Saturday, May 19, 2012

Not a Psychopath

I loved this book, The Psychopath Test, by Jon Ronson, a "madcap journey" indeed. I learned a lot, and it was funny. Just like the author, and probably all medical/psychology students, I was self-diagnosing, but I am not a psychopath. Neither is he.

It does seem possible that lots of tyrants and heads of companies would pass the psychopath test. Next up: All the Devils Are Here.

But I want everyone in my house to read this one before I take it back to the library.

I appreciate how the author takes up the issue of diagnosis and over-diagnosis, seeing both sides. Quoting Allen Francis: "There's a societal push for conformity in all ways....There's less tolerance of difference."

This always surprises me, given the age of Political Correctness, the tolerance we are relentlessly encouraged to bestow, all the celebration of "diversity," and the real compassion and kindness and respect for human rights I see so often around me. I guess the point here is that difference is tolerated in terms of "political identity" but not if your way of being human breaks the conventions too much.

On the other hand, as Francis continues, "And so maybe for some people having a label is better. It can confer a sense of hope and direction. 'Previously I was laughed at, I was picked on, no one liked me, but now I can talk to fellow bipolar sufferers on the Internet and no longer feel alone.'"

Yes, if there is a name for what is wrong with you and a legitimate reason for your behavior, you are, perhaps, more accepted, can find your own, can fit into the larger community, thus labeled, can be treated and accommodated. Although I don't see labels as stopping bullies from bullying. Oops, I just labeled bullies, who are sometimes psychopaths.

But Francis immediately says that the diagnosis of childhood bipolar disorder is not good. It's a label for life, and it is probably a mistake. And probably an excuse to give medications. And even the originator of the DSM (Diagnostic and Statistical Manual of Mental Disorders, about which there is always plenty of controversy), Robert Spitzer, does not like to speculate on the mistakes that may arise from it, in which ordinary behaviors may have been labeled mental disorders.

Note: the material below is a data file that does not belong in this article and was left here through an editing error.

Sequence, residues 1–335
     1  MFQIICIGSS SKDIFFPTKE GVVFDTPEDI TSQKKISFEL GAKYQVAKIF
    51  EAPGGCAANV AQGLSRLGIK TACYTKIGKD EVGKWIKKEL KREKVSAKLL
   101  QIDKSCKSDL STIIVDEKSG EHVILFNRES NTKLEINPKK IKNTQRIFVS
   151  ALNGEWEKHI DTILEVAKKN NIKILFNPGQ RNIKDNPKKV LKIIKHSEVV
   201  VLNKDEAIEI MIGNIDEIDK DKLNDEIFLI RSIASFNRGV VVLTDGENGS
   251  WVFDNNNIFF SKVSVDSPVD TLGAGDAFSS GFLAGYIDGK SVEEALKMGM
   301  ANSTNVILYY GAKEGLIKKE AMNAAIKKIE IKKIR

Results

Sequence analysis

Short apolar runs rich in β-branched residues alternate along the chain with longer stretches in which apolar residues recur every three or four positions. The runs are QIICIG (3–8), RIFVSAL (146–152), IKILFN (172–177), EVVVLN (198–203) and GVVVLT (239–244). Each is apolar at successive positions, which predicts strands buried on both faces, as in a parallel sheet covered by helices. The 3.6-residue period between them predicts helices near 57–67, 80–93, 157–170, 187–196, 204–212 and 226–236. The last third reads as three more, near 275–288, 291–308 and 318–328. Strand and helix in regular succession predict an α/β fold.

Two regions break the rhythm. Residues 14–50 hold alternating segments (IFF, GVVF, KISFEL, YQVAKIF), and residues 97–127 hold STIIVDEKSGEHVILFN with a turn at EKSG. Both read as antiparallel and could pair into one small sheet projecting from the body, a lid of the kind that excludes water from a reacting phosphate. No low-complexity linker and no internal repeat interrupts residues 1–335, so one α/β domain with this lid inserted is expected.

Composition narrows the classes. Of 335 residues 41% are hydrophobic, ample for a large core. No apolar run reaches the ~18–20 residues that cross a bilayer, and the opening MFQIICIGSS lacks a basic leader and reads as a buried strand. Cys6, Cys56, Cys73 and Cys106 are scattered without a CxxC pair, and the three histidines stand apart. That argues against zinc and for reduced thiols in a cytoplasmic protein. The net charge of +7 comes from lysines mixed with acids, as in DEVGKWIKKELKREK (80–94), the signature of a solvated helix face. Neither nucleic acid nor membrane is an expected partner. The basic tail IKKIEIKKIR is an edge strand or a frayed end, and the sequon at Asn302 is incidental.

I read an article recently on how there is no sympathy for the parents of psychopaths. Other people who have children with various disorders get plenty of sympathy, but not these. And psychopaths have a problem with the amygdala. It's not the parents' fault, though, of course, they might aggravate the situation or not deal with the problem.

But it's the psychopaths themselves that are and have the problem. Looks like we all need to spot them, guard ourselves against them, and not continue to let them bully the world or individuals in it. But we'll have to do this with the empathy we feel...and they don't. Ouch.

9 comments:

Collagemama said...

I read the NYTimes story last weekend about diagnosing children as psychopaths. I think this is the link if it works:
http://www.nytimes.com/2012/05/13/magazine/can-you-call-a-9-year-old-a-psychopath.html?smid=pl-share
I'm not a psychologist, but I'm pretty sure I've had three students over the years who would fit the Callous/Unemotional diagnosis. I've had several students who were bipolar, and that was not the same at all.